Dispute Over Dueling Anti-Fraud Databases
SAN DIEGO-MERS and Interthinx jointly launched a national fraud detection database at the Mortgage Bankers Association's annual convention here. First American responded by launching its own fraud detection database. In a matter of one week, the mortgage industry has gone from having no fraud database to having two. But what differentiates the two? And more importantly, will they be enough to curb mortgage fraud?
First, MERS and Interthinx launched their own national fraud prevention database that will allow lenders to seek, identify and share suspected fraudulent activity in loan applications from the point of origination. MERS FraudAlert, powered by Interthinx, will help identify and prevent fraud through the sharing and reporting of key data among the more than 62 million loans currently registered on the MERS System. Lenders using MERS FraudAlert will submit loan application data and incident reports with suspected or confirmed fraudulent activity to a centralized database. The system will then notify other lenders who have loans that may have connections to the data, alerting them to possible fraudulent transactions in their pipelines.
"While the industry currently has access to excellent loan-level fraud detection technology, lenders still face unacceptable risk. Fraudsters circumvent those tools by perpetrating multiple instances of fraud concurrently because no one is speaking to each other," said R.K. Arnold, MERS president and CEO. "Only by creating a collaborative industrywide fraud prevention database can this activity be stopped. MERS FraudAlert will become the national mortgage fraud detection and prevention utility. By participating, lenders can show that they take fraud prevention seriously."
Lenders who register their loans on the MERS System will have immediate access to the database of fraud-related information through the new product, making any fraud screening technology more effective. "Our goal from the beginning has been to eradicate mortgage fraud, and we have developed the industry's best tools to accomplish that. But our technologies are most effective when they have access to more data," said Kevin Coop, president of Interthinx. "Through this database, we will be even better at helping lenders detect fraud before loans are funded."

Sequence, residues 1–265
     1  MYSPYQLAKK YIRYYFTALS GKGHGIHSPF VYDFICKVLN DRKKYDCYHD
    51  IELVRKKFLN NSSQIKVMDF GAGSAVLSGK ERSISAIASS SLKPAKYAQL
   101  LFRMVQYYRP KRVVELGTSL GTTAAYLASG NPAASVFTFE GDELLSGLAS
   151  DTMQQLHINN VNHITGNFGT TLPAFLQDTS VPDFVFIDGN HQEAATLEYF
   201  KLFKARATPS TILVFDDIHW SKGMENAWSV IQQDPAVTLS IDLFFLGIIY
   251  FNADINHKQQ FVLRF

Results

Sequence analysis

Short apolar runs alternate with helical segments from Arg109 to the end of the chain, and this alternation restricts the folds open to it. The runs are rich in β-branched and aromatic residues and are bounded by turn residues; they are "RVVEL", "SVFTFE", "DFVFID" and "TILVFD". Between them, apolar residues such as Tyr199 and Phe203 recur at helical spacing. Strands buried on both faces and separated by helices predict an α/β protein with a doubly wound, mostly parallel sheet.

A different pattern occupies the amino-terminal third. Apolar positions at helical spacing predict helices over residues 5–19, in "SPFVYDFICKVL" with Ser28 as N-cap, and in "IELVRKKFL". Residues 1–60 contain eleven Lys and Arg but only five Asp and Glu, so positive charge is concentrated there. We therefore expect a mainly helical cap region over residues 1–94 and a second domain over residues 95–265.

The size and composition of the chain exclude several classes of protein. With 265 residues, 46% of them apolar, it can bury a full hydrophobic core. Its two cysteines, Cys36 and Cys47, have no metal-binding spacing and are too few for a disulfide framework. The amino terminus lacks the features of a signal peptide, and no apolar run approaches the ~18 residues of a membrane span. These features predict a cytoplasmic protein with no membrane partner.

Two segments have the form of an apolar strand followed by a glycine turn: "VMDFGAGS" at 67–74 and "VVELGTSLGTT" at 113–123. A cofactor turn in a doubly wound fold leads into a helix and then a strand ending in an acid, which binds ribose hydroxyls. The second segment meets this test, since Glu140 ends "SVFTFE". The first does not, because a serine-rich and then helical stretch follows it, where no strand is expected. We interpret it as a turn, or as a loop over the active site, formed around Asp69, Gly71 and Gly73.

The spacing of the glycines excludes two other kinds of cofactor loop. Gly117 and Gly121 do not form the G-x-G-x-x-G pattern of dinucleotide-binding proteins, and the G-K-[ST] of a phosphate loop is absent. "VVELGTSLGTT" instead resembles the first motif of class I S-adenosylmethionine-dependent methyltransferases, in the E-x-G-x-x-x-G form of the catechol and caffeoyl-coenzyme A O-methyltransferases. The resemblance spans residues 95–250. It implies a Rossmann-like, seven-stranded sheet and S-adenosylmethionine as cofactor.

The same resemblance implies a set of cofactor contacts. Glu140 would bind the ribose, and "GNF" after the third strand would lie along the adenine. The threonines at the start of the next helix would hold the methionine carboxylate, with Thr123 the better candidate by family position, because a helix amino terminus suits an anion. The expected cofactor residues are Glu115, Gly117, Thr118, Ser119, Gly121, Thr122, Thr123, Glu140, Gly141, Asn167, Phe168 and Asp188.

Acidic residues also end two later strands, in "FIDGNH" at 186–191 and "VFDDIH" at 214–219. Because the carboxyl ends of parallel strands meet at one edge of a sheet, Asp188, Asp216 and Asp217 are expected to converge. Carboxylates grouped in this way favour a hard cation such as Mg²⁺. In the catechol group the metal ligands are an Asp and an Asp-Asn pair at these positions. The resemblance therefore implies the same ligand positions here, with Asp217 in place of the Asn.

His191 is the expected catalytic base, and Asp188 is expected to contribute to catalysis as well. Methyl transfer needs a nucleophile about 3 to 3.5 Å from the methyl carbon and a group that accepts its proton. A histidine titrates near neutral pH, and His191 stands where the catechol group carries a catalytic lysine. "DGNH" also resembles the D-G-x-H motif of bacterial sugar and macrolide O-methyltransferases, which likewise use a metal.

In response, First American CoreLogic says it has built its own national fraud data repository to help clients combat all types of mortgage fraud and to further enhance the predictive performance of its anti-fraud solutions that is more all encompassing as compared to what MERS and Interthinx have done. The First American CoreLogic National Fraud Database includes more than 80 million loan applications or 65% of all loan applications annually and has the largest aggregation of reported fraud data including contributions from more than 35 lenders and investors with application and performance history dating back to 2005.
The First American database has a collection of fraud information (including default, foreclosure, charge-off and repurchase indicators) for building pattern recognition scoring models. The database accepts daily contributions of application and lien information from 17 lenders within First American's Multi-lien Closing Alert Program. In addition, the database includes title, lien release and payoff information to aid in detecting various types of first- and second-lien fraud; third-party information including loan information on more than 160,000 brokers, 135,000 appraisers, account executives, loan officers and retail branches; and property and neighborhood-specific fraud and foreclosure data.
"The best scoring and analytic products stem from and rely upon robust data assets," said Tim Grace, senior vice president of Fraud Analytics at First American CoreLogic. "We commend Interthinx and MERS, but we're not asking lenders to contribute their data, we already have that data. We have data on 65% of the loans originated this year.
"Our new National Fraud Repository enables our clients to have access to fraud-identifying data and analytics, new and innovative scoring products, and comprehensive fraud and risk alerts, making their internal safeguards more effective. As the number of participants and reporting companies grow, it will make fraud risk more transparent and make it harder for perpetrators to carry out fraudulent activity."
Interthinx and MERS counter by saying that it's not about who has more data, it's about creating an industry utility where all the data is accessible to any risk mitigation vendor that wants access. MERS and Interthinx believe vendors should be competing on the value of their fraud detection services and not over access to data.
"Clearly the quantity of data and quality of algorithms are crucial factors for any effective fraud prevention database," countered Mr. Arnold. "And some entities, including Interthinx, can proudly boast about those elements and their fraud scoring systems. But the joint effort of MERSCORP Inc. and Interthinx has yielded a unique, game-changing technology with systems that will enable the entire industry to collaborate, share and track suspicious activity and confirmed fraud in a way never thought possible until now."
"MERS FraudAlert is not only unique in its offering as a public utility, but has been designed to spur on competition," added Mr. Coop. "No third-party fraud prevention and detection vendor is advantaged or disadvantaged in any way. All may access the database, share the database and compete head to head with algorithms and possible fraud scoring based on the strengths of their individual platforms. MERS FraudAlert will bolster all analytic tools and predictive modeling, enabling industry members to make better decisions about possible fraud and risk."